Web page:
It’s times like these that make me long for a much larger repertoire of expletives.

The modem was fine. The router was working. I could connect to the internet on one of my networks, but not the other. WTF?

Something the Linksys guy said, that neighbor networks could be causing interference, caught my attention. There are a ridiculous number of networks in range around me. (Don’t people know that other people can see the names of their networks, whether or not they are secured? I have neighbors who don’t change the name of their networks from whatever their provider called it, and some who don’t even secure theirs. I have  other neighbors who named their networks something cutesy. Or weird. Or scary. Don’t look through the list of available networks when you connect at home. You will discover things about your neighbors you don’t want to know.)

Back to the old router: based on that idea of interference from nearby networks, I Googled around and found that 2.4ghz is the frequency most commonly used by everything from garage door openers to microwaves to all my neighbor’s networks, but I could change the channel I used to try to minimize interference.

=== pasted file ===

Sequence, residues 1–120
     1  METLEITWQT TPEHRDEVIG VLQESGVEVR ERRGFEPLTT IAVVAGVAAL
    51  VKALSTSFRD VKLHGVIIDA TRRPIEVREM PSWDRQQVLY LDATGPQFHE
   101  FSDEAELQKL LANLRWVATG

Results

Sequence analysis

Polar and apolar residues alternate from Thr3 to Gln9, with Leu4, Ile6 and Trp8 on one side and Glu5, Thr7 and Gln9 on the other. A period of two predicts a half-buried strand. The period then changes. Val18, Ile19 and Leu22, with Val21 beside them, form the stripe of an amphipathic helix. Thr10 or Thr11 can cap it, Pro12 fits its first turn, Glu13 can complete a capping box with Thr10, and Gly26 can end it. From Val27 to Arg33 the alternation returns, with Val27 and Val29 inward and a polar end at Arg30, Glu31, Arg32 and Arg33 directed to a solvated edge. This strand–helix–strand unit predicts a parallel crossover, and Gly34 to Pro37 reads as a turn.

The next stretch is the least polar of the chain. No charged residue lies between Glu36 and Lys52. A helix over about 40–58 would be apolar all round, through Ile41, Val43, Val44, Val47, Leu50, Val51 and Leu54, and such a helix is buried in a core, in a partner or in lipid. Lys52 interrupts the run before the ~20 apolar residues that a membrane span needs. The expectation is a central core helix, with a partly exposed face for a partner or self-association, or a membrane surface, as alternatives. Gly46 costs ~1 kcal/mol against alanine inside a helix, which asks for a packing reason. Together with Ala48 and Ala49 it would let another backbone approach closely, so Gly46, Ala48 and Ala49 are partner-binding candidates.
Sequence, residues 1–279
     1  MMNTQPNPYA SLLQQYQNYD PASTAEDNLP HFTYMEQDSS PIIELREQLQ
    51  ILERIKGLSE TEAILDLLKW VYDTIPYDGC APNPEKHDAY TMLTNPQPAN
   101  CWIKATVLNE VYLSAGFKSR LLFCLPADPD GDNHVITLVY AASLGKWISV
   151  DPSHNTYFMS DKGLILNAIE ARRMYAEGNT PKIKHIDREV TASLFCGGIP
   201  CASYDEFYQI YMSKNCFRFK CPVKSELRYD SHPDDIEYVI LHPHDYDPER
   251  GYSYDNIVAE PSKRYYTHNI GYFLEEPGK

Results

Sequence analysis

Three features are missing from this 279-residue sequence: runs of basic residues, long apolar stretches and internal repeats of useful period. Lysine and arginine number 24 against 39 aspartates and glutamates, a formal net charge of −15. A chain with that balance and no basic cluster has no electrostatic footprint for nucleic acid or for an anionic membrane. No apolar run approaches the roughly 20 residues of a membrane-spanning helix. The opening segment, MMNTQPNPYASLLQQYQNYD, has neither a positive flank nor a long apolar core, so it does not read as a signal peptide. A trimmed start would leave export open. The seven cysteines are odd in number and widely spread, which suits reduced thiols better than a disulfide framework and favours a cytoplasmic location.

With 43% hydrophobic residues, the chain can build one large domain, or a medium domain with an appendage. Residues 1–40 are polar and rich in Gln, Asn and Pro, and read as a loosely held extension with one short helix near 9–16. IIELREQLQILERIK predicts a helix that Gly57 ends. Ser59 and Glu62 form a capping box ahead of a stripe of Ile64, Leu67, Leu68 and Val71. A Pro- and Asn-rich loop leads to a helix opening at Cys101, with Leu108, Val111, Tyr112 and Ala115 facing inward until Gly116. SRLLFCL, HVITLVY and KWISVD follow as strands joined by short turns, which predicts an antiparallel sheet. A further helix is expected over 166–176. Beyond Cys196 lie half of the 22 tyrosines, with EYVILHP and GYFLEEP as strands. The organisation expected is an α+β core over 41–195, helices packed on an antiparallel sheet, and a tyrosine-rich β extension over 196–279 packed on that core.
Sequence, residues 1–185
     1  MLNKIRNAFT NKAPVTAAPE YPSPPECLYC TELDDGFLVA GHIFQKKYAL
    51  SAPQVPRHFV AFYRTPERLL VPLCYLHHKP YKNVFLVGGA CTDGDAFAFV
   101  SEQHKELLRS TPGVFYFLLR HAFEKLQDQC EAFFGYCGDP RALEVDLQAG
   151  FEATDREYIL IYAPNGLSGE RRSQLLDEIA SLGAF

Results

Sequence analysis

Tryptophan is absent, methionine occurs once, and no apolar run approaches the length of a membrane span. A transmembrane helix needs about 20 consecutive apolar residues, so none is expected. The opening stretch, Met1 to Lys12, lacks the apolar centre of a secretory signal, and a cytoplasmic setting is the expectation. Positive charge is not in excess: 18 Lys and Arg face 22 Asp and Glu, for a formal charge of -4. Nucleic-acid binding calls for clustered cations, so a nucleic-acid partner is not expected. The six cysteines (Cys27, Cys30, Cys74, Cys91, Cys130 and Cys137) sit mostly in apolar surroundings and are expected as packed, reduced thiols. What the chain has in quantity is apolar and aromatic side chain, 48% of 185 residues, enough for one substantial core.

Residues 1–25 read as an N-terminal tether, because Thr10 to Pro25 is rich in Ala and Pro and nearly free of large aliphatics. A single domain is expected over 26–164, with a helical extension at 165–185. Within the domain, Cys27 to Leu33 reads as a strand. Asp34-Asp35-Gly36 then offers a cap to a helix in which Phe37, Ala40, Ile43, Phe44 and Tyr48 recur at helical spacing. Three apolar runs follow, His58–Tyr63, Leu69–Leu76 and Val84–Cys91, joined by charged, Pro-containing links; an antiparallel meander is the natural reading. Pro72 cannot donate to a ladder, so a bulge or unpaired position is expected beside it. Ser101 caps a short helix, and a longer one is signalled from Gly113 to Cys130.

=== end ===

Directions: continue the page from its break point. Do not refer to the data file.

Didn’t work.

Drat.

Expletives.

Surrender.

Go to Best Buy. Purchase new router.

Set it up.

Re-establish my networks with the same names and passwords I had before. That way, I thought, I wouldn’t have to tour the house redoing all the networks and passwords on all the devices (a ridiculous number of devices for only two people. “What an amazing modern age we live in.”) Brilliant!

Didn’t work. Devices could connect to one network, but not the other.

We’re a good 12 hours into all this now.

Oh fuck it. Rename the networks, deploy new passwords.

Success!

Which is when I realized maybe I could have saved more than $100 by just changing the name of my network in the first place.

Expletives.

Oops, forgot the signal booster. Need to reconfigure that.

Can’t I find its signal.

Reset.

Wrong button.

Oh, there it is.

Reset.

Move closer to new router.